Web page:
MEGAYACHTS - Megayacht demand remains strong in North America despite virus impacts
Professional Mariner|Annual American Ship Review 2021
Twelve months ago, 2020 looked to be a banner year for megayachts. Sales were on the rise, clients were interested and yards were buzzing with projects. The 2019 fall boat shows, which informally kick off the yachting industry’s year, saw record attendance both in terms of exhibitors and visitors. The Marine Industries Association of South Florida reported that the 2019 Fort Lauderdale International Boat Show brought in more than $715 million in sales.
Rebecca Cahilly-Taranto

The 2008 economic crisis, it seemed, had run its course and a new chapter in yachting had begun. Not two months into the new year, however, the unexpected happened. Still, the industry has shown surprising resilience considering the unprecedented uncertainty caused by the coronavirus outbreak, mandated shutdowns and the uneven recovery through summer 2020.

WESTPORT YACHTS

Washington — home to several yacht building facilities — was the first state in the U.S. to respond to the COVID-19 pandemic. Mere hours before the state issued its first shutdown of all nonessential businesses, production megayacht builder Westport Yachts proactively paused operations at its Westport and Port Angeles shipyards in the interest of employee health and safety.

Because yacht building was deemed a nonessential business by the state of Washington, only contracted non-speculative projects were allowed to continue production. This mandate paused the anticipated spec production of Westport’s brand-new W117 and W172 models, but production was permitted to continue on contracted boats, and the yard was able to deliver two W125 yachts to their new owners. Work has resumed on a W164 and two W112 models with staggered shifts and social distancing protocols in place.

NORTHERN MARINE

Continue reading your story on the app

Continue reading your story in the magazine

MORE STORIES FROM PROFESSIONAL MARINERView All

Mariner's role still unknown as autonomous shipping gains speed

Mariners’ role still unknown as autonomous shipping gains speed

6 mins read
Professional Mariner
December - January2021

CAPTAIN MURCHISON - Texas Game Wardens gain crime-fighting advantage in the Gulf of Mexico

It’s a cat-and-mouse game on the high seas: Unlicensed commercial fisher-men from Mexico head north into Texas waters in small, swift boats called “lanchas,” hoping to catch a haul of seafood before the authorities catch them.

7 mins read
Professional Mariner
Annual American Ship Review 2021

Piracy edges closer to home with wave of raids in southern Gulf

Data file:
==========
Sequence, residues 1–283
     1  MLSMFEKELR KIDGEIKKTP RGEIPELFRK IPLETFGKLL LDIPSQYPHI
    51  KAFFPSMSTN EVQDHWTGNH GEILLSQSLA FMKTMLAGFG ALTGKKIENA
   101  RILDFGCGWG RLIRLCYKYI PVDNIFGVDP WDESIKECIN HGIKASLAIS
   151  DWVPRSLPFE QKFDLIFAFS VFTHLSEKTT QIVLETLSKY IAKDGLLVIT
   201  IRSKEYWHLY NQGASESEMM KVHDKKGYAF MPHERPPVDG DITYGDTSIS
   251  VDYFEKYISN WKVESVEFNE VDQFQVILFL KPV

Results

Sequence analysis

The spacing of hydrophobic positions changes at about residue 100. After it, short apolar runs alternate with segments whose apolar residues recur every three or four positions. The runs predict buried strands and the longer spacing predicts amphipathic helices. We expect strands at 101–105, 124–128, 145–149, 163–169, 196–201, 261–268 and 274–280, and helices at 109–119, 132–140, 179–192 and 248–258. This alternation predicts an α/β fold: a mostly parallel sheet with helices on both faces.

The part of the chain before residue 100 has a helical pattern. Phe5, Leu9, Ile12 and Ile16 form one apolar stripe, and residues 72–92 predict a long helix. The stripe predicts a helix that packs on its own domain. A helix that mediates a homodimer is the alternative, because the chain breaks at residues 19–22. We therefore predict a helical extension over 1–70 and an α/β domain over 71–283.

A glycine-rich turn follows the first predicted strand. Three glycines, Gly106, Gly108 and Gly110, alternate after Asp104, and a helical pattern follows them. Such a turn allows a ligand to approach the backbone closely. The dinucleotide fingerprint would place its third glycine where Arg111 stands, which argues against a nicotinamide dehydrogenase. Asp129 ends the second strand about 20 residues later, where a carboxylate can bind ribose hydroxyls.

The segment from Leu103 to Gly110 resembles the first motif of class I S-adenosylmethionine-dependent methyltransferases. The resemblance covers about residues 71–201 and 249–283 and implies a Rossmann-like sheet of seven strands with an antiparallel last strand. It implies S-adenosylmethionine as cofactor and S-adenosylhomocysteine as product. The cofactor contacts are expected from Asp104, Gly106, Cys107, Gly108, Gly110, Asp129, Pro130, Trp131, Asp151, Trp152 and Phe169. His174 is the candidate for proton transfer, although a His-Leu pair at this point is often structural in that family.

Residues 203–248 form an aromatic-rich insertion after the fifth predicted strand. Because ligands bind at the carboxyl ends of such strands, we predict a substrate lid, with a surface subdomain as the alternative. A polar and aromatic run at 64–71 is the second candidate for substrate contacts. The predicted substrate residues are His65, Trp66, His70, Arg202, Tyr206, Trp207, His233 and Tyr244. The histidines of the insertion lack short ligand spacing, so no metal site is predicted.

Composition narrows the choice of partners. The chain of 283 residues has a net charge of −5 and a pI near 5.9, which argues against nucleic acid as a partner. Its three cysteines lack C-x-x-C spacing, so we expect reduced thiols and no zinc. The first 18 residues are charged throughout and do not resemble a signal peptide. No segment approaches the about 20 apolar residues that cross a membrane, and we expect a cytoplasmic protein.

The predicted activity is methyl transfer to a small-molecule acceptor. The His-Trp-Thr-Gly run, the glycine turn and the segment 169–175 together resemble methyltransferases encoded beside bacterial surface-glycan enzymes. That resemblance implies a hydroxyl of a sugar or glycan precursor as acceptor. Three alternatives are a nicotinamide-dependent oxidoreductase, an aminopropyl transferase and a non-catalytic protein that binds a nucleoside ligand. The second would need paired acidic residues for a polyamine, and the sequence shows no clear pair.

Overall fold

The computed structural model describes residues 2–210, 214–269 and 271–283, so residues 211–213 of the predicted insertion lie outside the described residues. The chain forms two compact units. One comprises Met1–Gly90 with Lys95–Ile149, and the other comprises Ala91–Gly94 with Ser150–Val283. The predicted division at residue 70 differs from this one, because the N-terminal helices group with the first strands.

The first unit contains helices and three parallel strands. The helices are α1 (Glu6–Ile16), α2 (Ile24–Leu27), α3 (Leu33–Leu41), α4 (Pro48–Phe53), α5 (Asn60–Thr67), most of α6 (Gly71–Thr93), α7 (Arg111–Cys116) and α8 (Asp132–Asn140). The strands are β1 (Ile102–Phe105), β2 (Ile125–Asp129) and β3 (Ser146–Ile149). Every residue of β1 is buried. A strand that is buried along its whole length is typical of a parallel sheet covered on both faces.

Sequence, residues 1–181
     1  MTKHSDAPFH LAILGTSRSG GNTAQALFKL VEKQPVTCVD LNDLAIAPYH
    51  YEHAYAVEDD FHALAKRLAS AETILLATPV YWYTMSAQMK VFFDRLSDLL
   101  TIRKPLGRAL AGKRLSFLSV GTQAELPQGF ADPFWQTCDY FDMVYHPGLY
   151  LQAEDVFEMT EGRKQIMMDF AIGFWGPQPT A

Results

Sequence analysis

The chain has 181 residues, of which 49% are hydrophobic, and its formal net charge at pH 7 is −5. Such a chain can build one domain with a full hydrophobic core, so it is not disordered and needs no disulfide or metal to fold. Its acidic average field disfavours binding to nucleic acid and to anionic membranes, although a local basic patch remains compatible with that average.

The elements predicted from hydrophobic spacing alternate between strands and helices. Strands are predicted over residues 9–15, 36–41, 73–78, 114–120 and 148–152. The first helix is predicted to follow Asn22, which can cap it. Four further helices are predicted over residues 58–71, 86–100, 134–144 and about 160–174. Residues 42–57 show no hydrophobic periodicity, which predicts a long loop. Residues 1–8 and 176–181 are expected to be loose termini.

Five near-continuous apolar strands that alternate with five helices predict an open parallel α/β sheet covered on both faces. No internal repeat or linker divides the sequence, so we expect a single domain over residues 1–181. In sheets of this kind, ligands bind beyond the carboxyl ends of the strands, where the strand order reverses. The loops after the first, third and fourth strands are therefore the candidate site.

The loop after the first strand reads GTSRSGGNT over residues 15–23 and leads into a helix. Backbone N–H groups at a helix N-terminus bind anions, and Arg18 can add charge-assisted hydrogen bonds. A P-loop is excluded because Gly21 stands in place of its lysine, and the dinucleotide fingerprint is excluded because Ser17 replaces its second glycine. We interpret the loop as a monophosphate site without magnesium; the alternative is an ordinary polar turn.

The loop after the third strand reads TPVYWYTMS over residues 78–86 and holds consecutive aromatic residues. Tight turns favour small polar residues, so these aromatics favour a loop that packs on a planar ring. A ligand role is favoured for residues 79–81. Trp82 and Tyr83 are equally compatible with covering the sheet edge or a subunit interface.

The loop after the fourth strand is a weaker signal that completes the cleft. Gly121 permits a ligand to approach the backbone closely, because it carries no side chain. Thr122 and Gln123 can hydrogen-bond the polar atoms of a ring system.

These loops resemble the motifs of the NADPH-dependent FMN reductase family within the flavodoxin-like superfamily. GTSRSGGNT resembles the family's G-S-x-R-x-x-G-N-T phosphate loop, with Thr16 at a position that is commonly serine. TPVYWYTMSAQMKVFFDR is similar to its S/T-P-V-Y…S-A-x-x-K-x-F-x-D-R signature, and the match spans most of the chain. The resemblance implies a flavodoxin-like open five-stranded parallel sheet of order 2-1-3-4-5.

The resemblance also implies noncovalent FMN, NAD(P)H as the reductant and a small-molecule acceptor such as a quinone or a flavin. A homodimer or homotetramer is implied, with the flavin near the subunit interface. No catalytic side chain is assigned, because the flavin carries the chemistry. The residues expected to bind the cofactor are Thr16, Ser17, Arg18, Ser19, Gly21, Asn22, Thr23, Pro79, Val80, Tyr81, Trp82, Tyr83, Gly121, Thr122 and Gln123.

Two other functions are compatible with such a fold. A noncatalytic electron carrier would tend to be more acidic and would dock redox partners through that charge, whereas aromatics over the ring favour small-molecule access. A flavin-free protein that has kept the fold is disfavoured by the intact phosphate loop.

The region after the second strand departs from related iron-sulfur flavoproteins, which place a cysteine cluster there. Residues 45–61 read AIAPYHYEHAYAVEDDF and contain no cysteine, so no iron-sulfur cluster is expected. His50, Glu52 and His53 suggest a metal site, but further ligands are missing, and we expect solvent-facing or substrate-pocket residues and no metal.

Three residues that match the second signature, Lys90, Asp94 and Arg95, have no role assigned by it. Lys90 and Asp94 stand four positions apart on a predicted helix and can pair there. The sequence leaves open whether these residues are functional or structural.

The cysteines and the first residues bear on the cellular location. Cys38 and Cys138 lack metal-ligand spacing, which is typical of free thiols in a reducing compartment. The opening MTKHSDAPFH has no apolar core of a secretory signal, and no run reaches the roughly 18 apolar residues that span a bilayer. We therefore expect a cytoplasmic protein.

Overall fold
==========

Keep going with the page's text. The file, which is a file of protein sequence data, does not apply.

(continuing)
In the brief cellphone video recorded by a crewmember on the offshore supply vessel (OSV) Remas, the pirates walk back and forth on the deck of the ship, clenching their guns and using them to point as they order around the crew. Their faces are draped in clothing and bandanas.

4 mins read
Professional Mariner
December - January2021

MADONNA - Madonna adds flexibility, ice-breaking capacity for Wisconsin operator

For most of this century, the Washington Island Ferry Line had a single icebreaking vessel available for winter runs across Lake Michigan’s Death’s Door Passage. The arrangement caused some sleepless nights for company President Hoyt Purinton.

5 mins read
Professional Mariner
Annual American Ship Review 2021

Casualties

NTSB: Dredge hit Texas gas pipeline, causing fire that killed four

4 mins read
Professional Mariner
December - January2021

FERRIES/EXCURSION - COVID-19 threatens once-robust passenger vessel market

The passenger boat market has been relatively strong over the past few years, driven largely by ferry operators on all three coasts replacing older vessels and adding to existing fleets. Meanwhile, the relatively robust economy stoked demand for new excursion and tourist vessels.

9 mins read
Professional Mariner
Annual American Ship Review 2021

IMO emissions report raises new concerns about methane slip

A recent report from the International Maritime Organization (IMO) reveals that global shipping emissions increased nearly 10 percent from 2012 to 2018, with the industry facing a growing challenge concerning methane slip.

3 mins read
Professional Mariner
December - January2021

Matson continues fleet renewal with versatile Kanaloa-class ships

Matson Navigation has a proud history in the Pacific dating back more than a century. The 870-foot container/roll-on, roll-off (conro) Lurline will build on that legacy well into the future.

6 mins read
Professional Mariner
Annual American Ship Review 2021

Bay State brothers find industry niche by making old into new

Zero non-conformities is what you want to hear when the U.S. Coast Guard inspects your tugboat. Once you’ve prepared your vessel, the inspectors come aboard to peruse your paperwork. They ask you pointed questions, to which they expect straightforward answers. Perusal completed, they then scrutinize all of the related safety systems, from bilge to antennas — even the ship’s bell.

5 mins read
Professional Mariner
December - January2021

MEGAYACHTS - Megayacht demand remains strong in North America despite virus impacts

Twelve months ago, 2020 looked to be a banner year for megayachts. Sales were on the rise, clients were interested and yards were buzzing with projects. The 2019 fall boat shows, which informally kick off the yachting industry’s year, saw record attendance both in terms of exhibitors and visitors. The Marine Industries Association of South Florida reported that the 2019 Fort Lauderdale International Boat Show brought in more than $715 million in sales.

4 mins read
Professional Mariner
Annual American Ship Review 2021